Irenic Thoughts

Irenic. The word means peaceful. This web log (or blog) exists to create an ongoing, and hopefully peaceful, series of comments on the life of King of Peace Episcopal Church. This is not a closed community. You are highly encouraged to comment on any post or to send your own posts.


The Trinity

Tomorrow is Trinity Sunday, the only day of the church year devoted to a doctrine. Belief in the Trinity is central to the Christian faith and yet for most Christians it is nothing but a vague idea. It has been said that if one can explain the concept of the Trinity plainly so that anyone can understand, he or she is a heretic, we just have to decide what kind.

artistic depiction of The trinityThe word "Trinity" does not appear in the Bible, though the New Testament does contain some clear references to God: Father, Son and Holy Spirit (including two in our readings for Sunday). The Old Testament refers to God as Wisdom, the Word of God and the Spirit of God in ways that parallel this New Testament use. The word Trinity was itself coined by Tertullian (c. 160-225), not surprising as he created 509 new nouns, 284 adjectives and 161 new verbs in Latin. While not all of those caught on, the word Trinity did as it captured in short form the knowledge of God which had been present for centuries.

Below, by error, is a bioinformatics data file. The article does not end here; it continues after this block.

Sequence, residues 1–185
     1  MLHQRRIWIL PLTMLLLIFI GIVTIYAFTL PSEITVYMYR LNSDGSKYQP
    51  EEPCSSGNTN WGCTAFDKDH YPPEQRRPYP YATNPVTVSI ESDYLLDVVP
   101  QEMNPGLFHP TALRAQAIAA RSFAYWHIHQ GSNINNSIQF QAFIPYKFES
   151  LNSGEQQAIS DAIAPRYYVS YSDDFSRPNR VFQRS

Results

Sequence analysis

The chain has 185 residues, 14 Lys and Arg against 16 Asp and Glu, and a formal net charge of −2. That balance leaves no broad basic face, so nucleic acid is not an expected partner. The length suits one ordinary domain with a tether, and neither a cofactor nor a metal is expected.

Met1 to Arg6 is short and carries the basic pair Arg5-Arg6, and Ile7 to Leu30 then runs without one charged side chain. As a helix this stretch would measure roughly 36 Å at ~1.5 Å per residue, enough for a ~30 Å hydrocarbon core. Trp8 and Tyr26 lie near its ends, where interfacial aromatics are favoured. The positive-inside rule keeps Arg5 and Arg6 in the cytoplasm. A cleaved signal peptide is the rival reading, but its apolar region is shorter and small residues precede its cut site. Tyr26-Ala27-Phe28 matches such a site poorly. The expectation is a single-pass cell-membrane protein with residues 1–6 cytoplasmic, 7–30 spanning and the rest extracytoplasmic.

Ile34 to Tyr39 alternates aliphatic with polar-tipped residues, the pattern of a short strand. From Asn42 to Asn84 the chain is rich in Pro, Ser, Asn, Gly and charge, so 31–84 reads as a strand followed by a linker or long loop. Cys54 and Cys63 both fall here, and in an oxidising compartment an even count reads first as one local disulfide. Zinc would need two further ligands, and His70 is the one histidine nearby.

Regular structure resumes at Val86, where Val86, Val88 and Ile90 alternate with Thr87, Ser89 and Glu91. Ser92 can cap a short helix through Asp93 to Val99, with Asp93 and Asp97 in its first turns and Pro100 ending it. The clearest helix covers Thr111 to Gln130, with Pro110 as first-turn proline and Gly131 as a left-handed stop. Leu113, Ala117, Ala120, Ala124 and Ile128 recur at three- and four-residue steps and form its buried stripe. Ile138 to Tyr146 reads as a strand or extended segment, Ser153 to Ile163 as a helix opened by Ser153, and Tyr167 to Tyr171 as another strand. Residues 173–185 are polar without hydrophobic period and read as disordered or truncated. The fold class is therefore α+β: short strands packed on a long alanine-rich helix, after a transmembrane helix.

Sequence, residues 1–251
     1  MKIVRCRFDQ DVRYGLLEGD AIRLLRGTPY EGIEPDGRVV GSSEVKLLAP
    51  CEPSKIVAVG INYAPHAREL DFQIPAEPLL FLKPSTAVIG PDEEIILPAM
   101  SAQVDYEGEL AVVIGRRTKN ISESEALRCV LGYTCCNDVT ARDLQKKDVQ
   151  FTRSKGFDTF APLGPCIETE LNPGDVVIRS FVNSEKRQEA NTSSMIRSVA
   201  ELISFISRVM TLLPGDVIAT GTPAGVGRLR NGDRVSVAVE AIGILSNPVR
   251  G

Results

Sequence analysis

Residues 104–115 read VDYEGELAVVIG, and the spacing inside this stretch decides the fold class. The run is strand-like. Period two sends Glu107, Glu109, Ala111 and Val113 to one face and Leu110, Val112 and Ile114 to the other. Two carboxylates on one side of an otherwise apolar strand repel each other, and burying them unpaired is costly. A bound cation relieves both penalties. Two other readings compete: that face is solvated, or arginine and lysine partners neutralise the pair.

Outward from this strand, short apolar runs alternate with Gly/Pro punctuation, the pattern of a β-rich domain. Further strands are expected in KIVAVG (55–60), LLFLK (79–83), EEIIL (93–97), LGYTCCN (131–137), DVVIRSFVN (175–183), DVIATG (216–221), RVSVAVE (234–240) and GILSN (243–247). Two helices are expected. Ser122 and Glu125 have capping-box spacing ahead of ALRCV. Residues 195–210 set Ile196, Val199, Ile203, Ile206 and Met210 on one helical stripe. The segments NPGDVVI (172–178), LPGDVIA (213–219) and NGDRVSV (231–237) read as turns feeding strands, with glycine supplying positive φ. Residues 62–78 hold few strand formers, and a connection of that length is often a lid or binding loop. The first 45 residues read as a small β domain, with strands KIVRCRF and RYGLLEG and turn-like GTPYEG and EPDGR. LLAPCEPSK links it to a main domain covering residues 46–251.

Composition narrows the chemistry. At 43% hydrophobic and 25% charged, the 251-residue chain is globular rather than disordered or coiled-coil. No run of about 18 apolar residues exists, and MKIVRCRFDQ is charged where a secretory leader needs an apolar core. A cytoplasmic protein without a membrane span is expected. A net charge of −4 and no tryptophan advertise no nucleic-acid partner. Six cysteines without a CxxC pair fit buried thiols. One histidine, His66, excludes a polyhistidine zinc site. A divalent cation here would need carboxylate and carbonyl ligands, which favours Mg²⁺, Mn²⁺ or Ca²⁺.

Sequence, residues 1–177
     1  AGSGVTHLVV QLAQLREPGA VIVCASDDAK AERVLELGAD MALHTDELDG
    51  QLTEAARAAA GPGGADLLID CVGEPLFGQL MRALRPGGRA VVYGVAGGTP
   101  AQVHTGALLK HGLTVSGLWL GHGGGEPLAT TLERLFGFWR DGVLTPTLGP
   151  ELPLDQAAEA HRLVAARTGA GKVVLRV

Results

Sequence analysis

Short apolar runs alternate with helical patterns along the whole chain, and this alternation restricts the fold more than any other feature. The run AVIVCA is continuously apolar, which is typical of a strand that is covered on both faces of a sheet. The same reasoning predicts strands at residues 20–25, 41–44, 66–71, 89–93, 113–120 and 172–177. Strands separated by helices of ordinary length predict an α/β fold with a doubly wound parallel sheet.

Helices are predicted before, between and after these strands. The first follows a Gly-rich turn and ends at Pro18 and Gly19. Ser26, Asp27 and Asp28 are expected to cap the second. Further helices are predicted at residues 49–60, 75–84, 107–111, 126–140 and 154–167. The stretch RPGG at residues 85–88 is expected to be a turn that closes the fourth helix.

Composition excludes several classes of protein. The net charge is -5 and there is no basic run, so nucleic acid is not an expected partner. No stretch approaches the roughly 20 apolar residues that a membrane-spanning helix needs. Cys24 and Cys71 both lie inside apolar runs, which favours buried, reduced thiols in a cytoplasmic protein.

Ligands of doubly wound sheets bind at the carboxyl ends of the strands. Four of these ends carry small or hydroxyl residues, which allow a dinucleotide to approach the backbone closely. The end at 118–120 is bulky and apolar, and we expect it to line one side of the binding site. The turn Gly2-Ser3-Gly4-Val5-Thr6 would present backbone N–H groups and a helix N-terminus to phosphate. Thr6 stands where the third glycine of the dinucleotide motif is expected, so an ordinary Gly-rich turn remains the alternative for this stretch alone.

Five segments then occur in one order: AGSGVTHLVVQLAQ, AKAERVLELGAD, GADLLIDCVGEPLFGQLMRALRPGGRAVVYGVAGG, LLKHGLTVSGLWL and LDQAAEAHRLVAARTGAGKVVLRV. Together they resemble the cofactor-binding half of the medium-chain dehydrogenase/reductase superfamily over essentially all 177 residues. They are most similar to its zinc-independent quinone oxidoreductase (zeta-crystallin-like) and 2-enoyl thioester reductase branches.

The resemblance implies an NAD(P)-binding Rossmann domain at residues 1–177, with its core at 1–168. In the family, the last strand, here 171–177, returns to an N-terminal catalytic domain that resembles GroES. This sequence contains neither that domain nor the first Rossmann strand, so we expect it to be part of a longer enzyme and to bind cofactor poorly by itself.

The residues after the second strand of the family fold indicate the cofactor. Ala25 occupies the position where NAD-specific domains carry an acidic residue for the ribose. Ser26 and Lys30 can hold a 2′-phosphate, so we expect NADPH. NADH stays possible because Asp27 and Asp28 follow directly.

Around the year 380, Gregory of Nazianzus wrote about the gradual revelation of the Trinity
The Old Testament preached the Father openly and the Son more obscurely. The New Testament revealed the Son, and hinted at the divinity of the Holy Spirit. Now the Spirit dwells in us, and is revealed more clearly in us.
Until Jesus' birth, it was hard to grasp the concept of "God the Son" and until the coming of the Holy Spirit to the church after Jesus' ascension, it was hard for people to grasp the meaning of "the Spirit of God." Yet for the early Christians who were Jewish monotheists, there was no contradiction in preaching of God as a Trinity of persons, Father Son and Holy Spirit. And they saw this understanding of God to be no minor detail, but of central importance to our beginning to comprehend the divine.

Any understanding of the Trinity we have is incomplete. God remains something of a mystery. Yet this fact is no real barrier between us and God. Of course, we can not comprehend God fully. Any God we could fully understand would be more human than divine. But God does reveal something of God's own self to us. We trust that the part of God that has been revealed and that we have experienced is an indication of the character of the whole. While we know God only in part, we trust that revelation of a loving creator who died to redeem us and remains with us along every step of our journeys both physical and spiritual.


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